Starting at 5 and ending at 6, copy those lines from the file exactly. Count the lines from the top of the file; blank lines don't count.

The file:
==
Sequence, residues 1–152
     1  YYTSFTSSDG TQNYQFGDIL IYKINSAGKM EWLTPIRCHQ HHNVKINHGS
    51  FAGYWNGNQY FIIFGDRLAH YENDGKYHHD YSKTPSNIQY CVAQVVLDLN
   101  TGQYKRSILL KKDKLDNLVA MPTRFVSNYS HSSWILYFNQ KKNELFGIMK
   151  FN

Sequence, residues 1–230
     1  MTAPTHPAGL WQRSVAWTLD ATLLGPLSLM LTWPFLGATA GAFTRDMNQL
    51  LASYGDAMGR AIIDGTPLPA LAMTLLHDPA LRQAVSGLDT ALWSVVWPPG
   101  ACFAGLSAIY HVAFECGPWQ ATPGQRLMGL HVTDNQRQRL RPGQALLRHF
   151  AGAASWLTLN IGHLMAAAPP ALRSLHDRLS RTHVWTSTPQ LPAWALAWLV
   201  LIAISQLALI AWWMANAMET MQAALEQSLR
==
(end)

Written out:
   151  FN

Sequence, residues 1–230